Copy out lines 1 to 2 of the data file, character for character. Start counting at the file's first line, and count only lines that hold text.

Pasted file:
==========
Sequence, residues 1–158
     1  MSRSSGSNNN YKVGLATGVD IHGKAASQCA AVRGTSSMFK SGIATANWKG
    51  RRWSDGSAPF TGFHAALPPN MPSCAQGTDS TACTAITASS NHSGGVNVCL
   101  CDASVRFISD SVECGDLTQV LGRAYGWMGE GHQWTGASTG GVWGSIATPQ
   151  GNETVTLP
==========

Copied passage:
Sequence, residues 1–158
     1  MSRSSGSNNN YKVGLATGVD IHGKAASQCA AVRGTSSMFK SGIATANWKG